Event Detail

Event Type: 
Applied Mathematics and Computation Seminar
Friday, April 26, 2019 - 12:00 to 13:00
STAG 160

Speaker Info

OSU, Earth, Ocean, and Atmospheric Sciences

Horizontal deformation, divergence and shear, modifies the sea ice thickness distribution through ridging and lead opening. Hence it has profound effects on the survivability of pack ice in summer. However it is not realistically simulated in many climate simulations.

The scaling properties of sea ice deformation can be estimated with arrays of drifting buoys or by motion tracking between repeat satellite images. Horizontal deformation has multi-fractal scaling behavior. Deformation appears to be scale invariant over spatial scales of 10-1000 km and temporal scales of hours to a day. There is coupling between spatio-temporal scaling, and the scaling exponents are variable in space and time. Sea ice deformation displays coherence between scales of roughly 100 to 1000 km and synoptic time scales of days to weeks. The transition from a winter to spring ice pack is observed as a loss of coherence at greater than synoptic time scales, and changes in coherence are related to weather. At smaller spatio-temporal scales coherence is lost, with deformation below 10km tending to a white noise process. The lack of coherence at small scales and larger scale coherence in winter suggests it is inappropriate to think of sea ice deformation as having a decorrelation length scale. Localization of deformation is observed to retain its character over the winter-spring transition. This has implications for model parameterization of thickness redistribution.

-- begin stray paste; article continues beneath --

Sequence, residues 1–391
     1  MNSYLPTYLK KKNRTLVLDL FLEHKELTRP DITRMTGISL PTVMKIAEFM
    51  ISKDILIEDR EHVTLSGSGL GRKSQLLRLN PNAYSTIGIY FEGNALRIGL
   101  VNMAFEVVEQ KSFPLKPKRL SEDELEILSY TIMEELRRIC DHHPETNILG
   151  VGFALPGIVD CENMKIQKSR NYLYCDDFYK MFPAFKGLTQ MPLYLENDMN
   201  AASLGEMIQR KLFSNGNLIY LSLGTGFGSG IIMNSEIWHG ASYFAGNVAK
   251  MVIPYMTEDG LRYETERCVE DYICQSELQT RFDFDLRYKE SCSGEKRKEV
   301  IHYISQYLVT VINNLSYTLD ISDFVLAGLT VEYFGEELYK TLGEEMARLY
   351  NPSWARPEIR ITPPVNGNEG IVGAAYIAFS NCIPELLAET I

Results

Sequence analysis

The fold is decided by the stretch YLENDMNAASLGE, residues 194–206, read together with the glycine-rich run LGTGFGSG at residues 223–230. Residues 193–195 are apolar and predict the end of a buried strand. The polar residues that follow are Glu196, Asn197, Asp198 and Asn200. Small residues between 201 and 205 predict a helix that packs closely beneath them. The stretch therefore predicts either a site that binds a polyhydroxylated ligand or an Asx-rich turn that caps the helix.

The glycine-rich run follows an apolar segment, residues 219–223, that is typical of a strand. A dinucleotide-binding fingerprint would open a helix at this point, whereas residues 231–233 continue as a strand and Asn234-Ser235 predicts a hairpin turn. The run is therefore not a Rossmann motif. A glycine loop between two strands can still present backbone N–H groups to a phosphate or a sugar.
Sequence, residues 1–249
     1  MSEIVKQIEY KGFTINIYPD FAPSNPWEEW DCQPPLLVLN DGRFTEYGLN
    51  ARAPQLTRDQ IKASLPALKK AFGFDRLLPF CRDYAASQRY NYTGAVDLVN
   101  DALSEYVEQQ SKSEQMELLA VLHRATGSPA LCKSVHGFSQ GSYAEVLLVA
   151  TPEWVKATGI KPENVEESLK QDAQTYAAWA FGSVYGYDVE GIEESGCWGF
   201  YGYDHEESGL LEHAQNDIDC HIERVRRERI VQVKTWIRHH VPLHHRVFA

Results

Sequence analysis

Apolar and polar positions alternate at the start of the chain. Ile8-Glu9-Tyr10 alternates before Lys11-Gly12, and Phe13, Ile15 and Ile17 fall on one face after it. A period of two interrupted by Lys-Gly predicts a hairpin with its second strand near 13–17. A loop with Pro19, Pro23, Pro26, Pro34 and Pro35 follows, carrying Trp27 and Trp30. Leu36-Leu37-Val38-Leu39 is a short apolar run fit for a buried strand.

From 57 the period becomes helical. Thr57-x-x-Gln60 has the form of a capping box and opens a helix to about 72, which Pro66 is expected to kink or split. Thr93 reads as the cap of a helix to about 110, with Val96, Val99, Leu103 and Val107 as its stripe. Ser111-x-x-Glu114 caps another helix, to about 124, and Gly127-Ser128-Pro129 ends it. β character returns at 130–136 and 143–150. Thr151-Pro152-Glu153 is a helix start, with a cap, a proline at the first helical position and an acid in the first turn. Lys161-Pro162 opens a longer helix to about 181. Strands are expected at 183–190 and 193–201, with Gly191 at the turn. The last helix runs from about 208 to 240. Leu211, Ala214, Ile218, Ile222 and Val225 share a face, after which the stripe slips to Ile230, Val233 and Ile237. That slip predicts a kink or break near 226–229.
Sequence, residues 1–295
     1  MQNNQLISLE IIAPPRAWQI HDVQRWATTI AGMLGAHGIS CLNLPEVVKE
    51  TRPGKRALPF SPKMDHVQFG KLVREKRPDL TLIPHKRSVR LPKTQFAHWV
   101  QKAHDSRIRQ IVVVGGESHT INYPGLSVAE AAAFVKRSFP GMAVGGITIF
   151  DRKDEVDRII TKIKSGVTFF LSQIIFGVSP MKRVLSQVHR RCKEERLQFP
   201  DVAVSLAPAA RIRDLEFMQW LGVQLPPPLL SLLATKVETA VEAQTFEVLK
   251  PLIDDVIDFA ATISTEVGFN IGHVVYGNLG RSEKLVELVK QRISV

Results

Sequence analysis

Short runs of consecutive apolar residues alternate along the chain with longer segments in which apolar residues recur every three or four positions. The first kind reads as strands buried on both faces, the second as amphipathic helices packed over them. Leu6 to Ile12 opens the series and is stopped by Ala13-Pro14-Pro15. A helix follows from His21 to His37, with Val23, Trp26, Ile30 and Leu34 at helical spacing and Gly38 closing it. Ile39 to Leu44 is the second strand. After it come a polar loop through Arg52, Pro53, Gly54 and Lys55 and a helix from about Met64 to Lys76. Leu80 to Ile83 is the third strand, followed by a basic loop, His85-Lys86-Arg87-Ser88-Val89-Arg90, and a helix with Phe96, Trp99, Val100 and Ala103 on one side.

Two future field experiments will extend our knowledge to smaller scales and also identify physical mechanisms that may be associated with transitions in these scaling properties. These relationships will be discussed in the context of our current understanding of rheological models relating sea ice stress and strain rate.